Can you stop a bank from going bust?

If banks stopped working, the economy would grind to a halt. It’s our job to make sure that banks continue to work in a safe and sound way.
This page was last updated on 18 September 2016

People rely on banks in their day to day lives, whether it’s for looking after their money or helping them pay for things.

Not surprisingly, then, if banks stopped working, the entire economy would grind to a halt. It’s the Bank of England’s job to make sure that banks (and the entire financial system) continue to work in a safe and sound way.

As part of this, we put a lot of effort into reducing the chances of a bank getting into financial difficulty in the first place.

But it is not possible to prevent all banks from ever failing.

Just like any other type of business, it is important that a bank that doesn’t make a profit is able to fail.

What happens if a bank goes bust?

Thinking about your bank going bust may be a scary prospect.

But in fact, the way that the banking sector is overseen means that you do not need to worry about losing any money up to £85,000 or your ability to make payments – even if your bank goes bust.

What does matter is how a bank failure unfolds. In particular, who pays the price when things go wrong?

Who pays the price when a bank goes bust?

If a bank goes bust you would want to know what happens next and who foots the bill. Back in 14th Century Barcelona, if a bank failed, the owners of the bank would be publicly condemned by the town crier and forced to live on bread and water until they repaid people they owed money to. 

Fast forward to the global financial crisis that ignited in 2007, when a number of UK banks and building societies got into trouble. In the end the government had to step in using tax payers’ money to bail out failing banks. 

Things have changed since then. The Bank of England has a new set of tools that allow it to step in quickly where needed. If your bank ran into difficulties and went bust today, you can be safe in the knowledge that you would still have access to your money, up to £85,000 and be able to make payments.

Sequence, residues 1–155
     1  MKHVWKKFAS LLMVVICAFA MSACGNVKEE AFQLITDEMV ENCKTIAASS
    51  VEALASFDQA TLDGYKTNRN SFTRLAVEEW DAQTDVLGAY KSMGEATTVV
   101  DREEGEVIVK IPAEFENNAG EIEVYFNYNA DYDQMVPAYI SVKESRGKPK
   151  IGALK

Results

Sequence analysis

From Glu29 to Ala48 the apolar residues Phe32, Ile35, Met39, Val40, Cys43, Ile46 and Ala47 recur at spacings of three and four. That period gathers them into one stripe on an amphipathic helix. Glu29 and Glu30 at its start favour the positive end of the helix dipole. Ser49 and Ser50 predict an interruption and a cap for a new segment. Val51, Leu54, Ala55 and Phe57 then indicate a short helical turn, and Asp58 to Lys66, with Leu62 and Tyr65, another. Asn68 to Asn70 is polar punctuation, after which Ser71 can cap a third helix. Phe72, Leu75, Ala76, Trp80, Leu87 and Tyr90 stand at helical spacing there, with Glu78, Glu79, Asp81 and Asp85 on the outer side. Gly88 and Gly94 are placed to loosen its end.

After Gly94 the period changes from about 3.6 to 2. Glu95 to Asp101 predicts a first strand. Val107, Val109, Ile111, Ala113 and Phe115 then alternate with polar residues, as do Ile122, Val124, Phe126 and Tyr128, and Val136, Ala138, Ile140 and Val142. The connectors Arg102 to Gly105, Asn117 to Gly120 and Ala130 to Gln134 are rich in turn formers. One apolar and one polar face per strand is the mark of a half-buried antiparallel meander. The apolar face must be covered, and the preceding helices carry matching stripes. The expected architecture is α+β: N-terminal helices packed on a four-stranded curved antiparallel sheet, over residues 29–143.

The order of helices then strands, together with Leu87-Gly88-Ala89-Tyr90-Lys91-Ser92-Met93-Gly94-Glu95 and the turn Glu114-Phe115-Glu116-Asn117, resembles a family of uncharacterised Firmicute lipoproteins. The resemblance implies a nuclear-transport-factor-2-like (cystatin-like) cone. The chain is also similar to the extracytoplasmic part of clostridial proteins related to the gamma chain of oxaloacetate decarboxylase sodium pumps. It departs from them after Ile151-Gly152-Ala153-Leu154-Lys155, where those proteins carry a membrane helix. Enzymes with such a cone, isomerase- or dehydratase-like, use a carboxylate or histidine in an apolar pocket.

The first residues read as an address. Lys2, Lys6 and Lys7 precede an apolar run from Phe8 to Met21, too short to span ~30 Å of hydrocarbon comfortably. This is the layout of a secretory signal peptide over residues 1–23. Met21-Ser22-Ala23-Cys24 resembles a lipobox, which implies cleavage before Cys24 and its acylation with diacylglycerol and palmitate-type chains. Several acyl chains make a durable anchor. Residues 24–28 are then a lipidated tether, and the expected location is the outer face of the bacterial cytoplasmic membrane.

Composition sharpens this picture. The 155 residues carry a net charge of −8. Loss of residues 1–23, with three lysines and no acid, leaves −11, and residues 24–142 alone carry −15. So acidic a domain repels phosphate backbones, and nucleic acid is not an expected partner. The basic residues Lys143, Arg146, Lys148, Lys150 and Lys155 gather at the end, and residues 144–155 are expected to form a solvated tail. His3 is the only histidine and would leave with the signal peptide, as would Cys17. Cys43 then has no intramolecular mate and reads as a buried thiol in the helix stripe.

A bank failure today would play out in an orderly way with far less disruption to the rest of the financial system than before. And crucially, under the new set up, the cost would fall on the shareholders and creditors of the failed bank, not on tax payers.

The Bank of England's KnowledgeBank guide on what happens if a Bank goes bust.

What did we learn from the 2007-08 financial crisis?

The crisis that broke out in 2007 was one of the worst ever seen.

We learnt two important lessons about how to deal with a failing bank:

Who deals with bank failures?

At the time of the crisis, no single authority was formally responsible for dealing with failing banks.

Who pays for bank failures?

During the crisis, public funds were used to bail out a number of UK banks and building societies.

The bailouts came at a huge cost to taxpayers. They were necessary, though, to make sure that people with money in bank accounts did not lose access to it.

What happens when a bank fails today?

Things are very different today.

"An important change is that the general public will not pay the price when things go wrong. In the new set-up, there is no need for bailouts."

We have been given new powers to step in if a bank fails. We also work with banks to create ‘living wills’ to show how they could be dealt with if they suffered a catastrophic shock.

So if a large commercial bank did go bust today, it could now do so in an orderly way. The losses would fall on the bank’s investors, not taxpayers. And if your bank failed, you could claim back up to £85,000 of your money through the Financial Services Compensation Scheme.

The new rules are designed so that even the biggest, most complex banks can fail if they become unprofitable – but they can do this without the need for taxpayer support and without causing disruption to the financial system or wider economy.

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